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3 Strikes and You're Out? Florida Three Strikes Law Explained.

3 Strikes and You’re Out? Florida Three Strikes Law Explained

“Three strikes and you’re out!” This is a term heard synonymous with baseball, a great American pastime. In recent decades, the term has come into common usage in schools, homes as well as law offices and courtrooms. So, what exactly does this mean when one is facing criminal charges? Read on to learn about Florida’s Three Strikes Law and what it means for you here in Port Richey, Fla. and the rest of Tampa Bay.

Federal Definition

The U.S. Justice Department defines the “Three Strikes” law as applying when a defendant is convicted in a “federal court of a serious violent felony and has two or more prior convictions in federal or state courts, at least one of which is a ‘serious violent felony.” Upon further investigation, Three Strikes Laws and its application varies across the nation from state to state.

Florida Statute 775.084

In Florida, the Three Strikes Law falls under FL Statute 775.084. The statute defines Florida’s stance on the law as applying to violent career criminals, habitual felony offenders and habitual violent felony offenders. The statute includes mandatory prison terms and enhanced prison terms for those convicted under the law.

Habitual Felony Offender

Statute 775.084 declares a habitual felony offender to be a defendant who has previously been convicted of two or more felonies or qualified offenses in the state of Florida. The felony for which the statute applies must have been committed either while the defendant was imprisoned or under supervision as ordered by the courts after a prior felony conviction or within five years of the defendant’s last felony or qualified offense conviction. The statute also applies if the offense for which the defendant is convicted occurred within five years of the defendant’s release from prison, probation, community control or other court imposed supervision.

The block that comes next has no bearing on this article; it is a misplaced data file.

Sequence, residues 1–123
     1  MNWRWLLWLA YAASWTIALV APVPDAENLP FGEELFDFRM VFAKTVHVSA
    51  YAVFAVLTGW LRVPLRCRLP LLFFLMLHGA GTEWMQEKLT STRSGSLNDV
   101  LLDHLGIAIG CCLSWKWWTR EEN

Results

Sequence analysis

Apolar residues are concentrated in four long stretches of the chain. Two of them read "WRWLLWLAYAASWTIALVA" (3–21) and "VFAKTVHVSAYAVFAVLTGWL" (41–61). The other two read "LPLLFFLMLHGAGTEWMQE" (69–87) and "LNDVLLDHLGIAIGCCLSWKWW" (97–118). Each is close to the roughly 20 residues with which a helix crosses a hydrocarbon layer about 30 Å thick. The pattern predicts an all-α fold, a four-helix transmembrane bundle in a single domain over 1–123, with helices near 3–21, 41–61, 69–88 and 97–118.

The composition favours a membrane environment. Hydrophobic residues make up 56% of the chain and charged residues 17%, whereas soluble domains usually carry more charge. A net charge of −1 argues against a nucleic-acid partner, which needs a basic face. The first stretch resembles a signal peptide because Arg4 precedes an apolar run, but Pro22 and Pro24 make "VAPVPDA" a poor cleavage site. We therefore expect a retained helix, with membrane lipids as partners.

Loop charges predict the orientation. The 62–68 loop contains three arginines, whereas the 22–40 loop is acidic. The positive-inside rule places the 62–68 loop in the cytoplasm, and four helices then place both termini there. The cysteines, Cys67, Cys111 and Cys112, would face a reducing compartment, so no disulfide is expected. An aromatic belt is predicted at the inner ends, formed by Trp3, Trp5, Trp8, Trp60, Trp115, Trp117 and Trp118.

Violent Felony Offender

A defendant who has previously been convicted of a violent offense or conspiracy to commit such an act—and at least one conviction was for arson, kidnapping, armed robbery, sexual battery or other violent offense—is considered a habitual violent felony offender. In this case, the court must impose a mandatory minimum prison term, up to and including life.

How Laporte, Mulligan & Werner-Watkins P.A. Can Help

At Laporte, Mulligan & Werner-Watkins, P.A, clients will find experienced Criminal Defense attorneys whom they can trust with their case. Most staff members have been a part of the esteemed law office for many years and part of the Port Richey, Hudson, and Holiday, Fla. communities for many more so they are more than qualified and knowledgeable in cases like yours.

Reach out to compassionate attorneys online or by calling (727) 478-4125.

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